“If the stories told in the courts were true, every Chinese woman who was in the United States 25 years ago must have had at least 500 children,” an incredulous federal judge said in 1901. Even though the immigration officials knew about the vulnerability in the system, there was little they could do about it. A 1907 report filed by the immigration bureau concluded that,
“No matter how trustworthy and honorable a Chinese merchant or laborer may be in the conduct of his daily business, he seems to have no compunction whatever in practicing deceit concerning matters in which the Government is interested.”
The official response to this problem involved bending some rules too—court officials would ask irrelevant questions outside of the legitimate scope allowed to their role. They justified this practice by saying its purpose was to detect fraudulent cases by showing inconsistencies in the minutiae of daily life. No matter the barriers set up by the authorities to block unlawful immigration, Chinese who were methodical and studious enough had a way around it.
It had taken Chin two to three years to prepare for this undertaking. For someone who had not left his home village in Toishan his whole life up until that point, making a trip to Hong Kong, a British colony at the time, was quite an undertaking. He had to make multiple such trips because Hong Kong was where his paper father’s family lived, and he had to learn everything he could from them. He took staged family photos with them as part of constructing an edifice of make-believe. Chin purchased a brand-new suit and tie to replace the traditional changshan that people still wore in the village. To begin a new life abroad, he would first have to leave the present one behind.
For Chin to immigrate successfully, the paper slot he was offered would have to be real, and all his alleged family members in the United States had to be able to produce the same details that Chin had already committed to memory. This meant not just the names and birthdays of each family member, but also the exact location of their house, information about the villagers and much more. To face the challenge, people involved in the business of selling paper slots also produced coaching books that followed the question and answer format in the interviews to help people prepare for the grueling interrogation. At the back of these coaching books is typically a map showing the layout of the village, what it was called, how many rows of houses were there and where the ancestral temple located. Some immigrants were asked to draw a map of the village in the interview.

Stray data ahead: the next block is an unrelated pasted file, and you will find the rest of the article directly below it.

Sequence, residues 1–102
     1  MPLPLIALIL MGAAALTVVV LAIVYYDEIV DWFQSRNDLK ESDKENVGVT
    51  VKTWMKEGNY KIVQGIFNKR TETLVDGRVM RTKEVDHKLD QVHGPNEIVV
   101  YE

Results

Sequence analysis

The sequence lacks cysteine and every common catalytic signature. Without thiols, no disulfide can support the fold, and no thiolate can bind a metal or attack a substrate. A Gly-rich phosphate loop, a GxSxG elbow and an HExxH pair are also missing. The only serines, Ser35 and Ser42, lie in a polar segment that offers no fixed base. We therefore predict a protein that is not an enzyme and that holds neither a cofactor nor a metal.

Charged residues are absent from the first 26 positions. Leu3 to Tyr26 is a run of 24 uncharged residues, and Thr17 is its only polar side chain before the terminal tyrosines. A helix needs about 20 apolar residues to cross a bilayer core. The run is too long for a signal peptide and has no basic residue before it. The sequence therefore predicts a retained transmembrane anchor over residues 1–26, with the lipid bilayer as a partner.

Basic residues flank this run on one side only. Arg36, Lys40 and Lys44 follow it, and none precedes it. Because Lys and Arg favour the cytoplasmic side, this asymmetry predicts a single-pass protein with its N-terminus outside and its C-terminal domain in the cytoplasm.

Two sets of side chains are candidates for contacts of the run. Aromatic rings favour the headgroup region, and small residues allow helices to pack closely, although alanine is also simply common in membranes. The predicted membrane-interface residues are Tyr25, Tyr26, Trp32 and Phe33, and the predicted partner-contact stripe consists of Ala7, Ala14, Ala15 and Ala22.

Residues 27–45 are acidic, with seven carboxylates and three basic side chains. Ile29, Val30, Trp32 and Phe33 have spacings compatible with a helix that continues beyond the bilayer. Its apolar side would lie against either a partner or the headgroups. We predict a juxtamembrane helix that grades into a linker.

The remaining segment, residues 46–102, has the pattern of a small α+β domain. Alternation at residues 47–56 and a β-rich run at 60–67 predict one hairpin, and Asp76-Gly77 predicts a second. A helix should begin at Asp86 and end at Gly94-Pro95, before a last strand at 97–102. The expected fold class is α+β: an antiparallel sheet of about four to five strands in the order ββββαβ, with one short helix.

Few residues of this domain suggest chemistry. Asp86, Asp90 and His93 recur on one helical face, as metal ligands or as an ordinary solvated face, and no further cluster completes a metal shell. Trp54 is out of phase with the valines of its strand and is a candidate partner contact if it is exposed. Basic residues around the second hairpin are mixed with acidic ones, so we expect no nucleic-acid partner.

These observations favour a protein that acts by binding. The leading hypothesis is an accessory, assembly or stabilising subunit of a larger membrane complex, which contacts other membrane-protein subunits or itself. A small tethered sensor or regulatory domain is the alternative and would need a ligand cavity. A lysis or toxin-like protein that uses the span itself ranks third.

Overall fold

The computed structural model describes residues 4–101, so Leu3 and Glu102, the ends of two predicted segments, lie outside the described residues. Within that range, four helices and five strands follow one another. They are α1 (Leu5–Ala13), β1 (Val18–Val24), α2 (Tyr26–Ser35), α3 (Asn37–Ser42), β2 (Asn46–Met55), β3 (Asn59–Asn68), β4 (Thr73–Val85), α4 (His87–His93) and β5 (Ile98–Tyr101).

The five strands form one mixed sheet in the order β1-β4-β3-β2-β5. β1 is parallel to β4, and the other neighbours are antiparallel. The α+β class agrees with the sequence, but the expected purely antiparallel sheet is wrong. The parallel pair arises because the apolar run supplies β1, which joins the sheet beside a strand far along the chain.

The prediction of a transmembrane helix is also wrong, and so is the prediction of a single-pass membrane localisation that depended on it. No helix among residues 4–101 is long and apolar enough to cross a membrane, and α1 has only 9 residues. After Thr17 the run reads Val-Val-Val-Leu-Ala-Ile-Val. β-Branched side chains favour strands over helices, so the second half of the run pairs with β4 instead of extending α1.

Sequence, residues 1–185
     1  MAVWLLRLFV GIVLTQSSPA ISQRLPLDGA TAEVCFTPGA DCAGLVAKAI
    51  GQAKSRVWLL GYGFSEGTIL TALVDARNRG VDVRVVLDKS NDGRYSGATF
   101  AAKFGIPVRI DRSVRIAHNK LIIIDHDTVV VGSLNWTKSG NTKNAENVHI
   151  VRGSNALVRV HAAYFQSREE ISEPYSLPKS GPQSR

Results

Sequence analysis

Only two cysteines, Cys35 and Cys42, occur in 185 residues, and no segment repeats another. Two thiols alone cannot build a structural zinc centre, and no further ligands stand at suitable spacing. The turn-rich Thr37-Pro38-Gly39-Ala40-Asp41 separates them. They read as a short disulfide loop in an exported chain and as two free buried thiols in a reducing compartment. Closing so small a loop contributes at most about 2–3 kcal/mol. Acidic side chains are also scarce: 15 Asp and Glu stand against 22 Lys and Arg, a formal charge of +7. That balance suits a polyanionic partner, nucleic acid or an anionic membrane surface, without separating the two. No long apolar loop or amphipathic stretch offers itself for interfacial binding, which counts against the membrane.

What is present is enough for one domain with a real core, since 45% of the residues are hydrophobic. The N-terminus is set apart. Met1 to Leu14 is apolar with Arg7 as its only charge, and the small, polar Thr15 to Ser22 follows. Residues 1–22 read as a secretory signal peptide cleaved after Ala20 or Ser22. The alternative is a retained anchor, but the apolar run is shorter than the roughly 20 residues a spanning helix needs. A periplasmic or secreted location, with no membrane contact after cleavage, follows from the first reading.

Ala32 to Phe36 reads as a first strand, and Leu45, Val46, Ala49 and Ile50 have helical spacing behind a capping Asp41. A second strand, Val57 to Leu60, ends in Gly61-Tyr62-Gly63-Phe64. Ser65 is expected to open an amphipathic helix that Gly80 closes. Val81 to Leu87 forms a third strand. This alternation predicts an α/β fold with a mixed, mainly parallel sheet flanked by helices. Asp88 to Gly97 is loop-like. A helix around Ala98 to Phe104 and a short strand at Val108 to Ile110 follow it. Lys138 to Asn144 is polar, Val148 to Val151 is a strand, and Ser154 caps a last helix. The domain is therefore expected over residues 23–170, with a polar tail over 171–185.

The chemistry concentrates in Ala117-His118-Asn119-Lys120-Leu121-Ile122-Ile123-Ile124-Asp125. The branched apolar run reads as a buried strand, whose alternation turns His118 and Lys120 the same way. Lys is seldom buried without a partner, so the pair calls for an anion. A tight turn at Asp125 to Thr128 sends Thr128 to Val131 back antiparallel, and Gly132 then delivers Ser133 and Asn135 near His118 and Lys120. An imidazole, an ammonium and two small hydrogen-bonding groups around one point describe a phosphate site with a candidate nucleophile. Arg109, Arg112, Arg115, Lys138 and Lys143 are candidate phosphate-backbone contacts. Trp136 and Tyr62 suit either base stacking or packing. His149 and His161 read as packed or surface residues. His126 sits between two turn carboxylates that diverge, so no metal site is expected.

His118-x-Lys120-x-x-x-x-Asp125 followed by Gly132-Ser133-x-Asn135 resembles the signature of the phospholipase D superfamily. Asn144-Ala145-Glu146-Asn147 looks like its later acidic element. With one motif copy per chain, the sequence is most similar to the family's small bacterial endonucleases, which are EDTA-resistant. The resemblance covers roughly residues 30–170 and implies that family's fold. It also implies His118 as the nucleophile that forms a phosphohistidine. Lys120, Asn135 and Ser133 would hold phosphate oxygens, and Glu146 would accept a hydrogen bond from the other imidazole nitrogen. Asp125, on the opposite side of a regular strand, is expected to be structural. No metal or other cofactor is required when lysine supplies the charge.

Newly arrived immigrants often had to wait for weeks in trepidation and discomfort before a few interviews were done and their applications cleared. The interviews could go on for hours. Tung Pok Chin, a Toishan native who left for America in 1934 recounted his experience in a “dingy little room” at the Boston Immigration House where he was interrogated:
“And the questions they used were tricky. Questions were asked nonstop, one after another under a glaring light, and the key questions were repeated over and over again to catch any inconsistencies. And of course they expected quick answers—who would not know his own parents’ names at the snap of a finger?”
As generations of immigrants passed under the scrutiny of the government, the amount of facts to memorize piled up and the coaching books thickened. The immigration officials’ questioning would go back three generations if they had to. Immigration officials became masters of trivia about village life in south China and showed it in the questions they asked, such as whether or not the women there had natural feet or bound feet in keeping with a long-practiced Chinese custom. Rather than the interview being a real test of identity, whoever had a great memory or could think fast on his feet would be more likely to succeed.
Facing the stern gaze of Kingdon Swayne who just posed a trick question to him, Chin was very fast on his feet. In mere seconds, he found a way to wiggle out of the quicksand. “You see, my father hadn’t been back to the village for a while. Since the last time he was there, a big flood had wiped out a dozen houses and so the village is now left with fewer of them,” he said. The answer passed muster. Swayne moved on. An alternative version of the story circulated among the Chin family, which said that bribery might be involved, but that is impossible to verify. In any case, Swayne decided that there was not enough evidence to exclude Chin, and he walked out onto the streets of Boston as a citizen of the United States.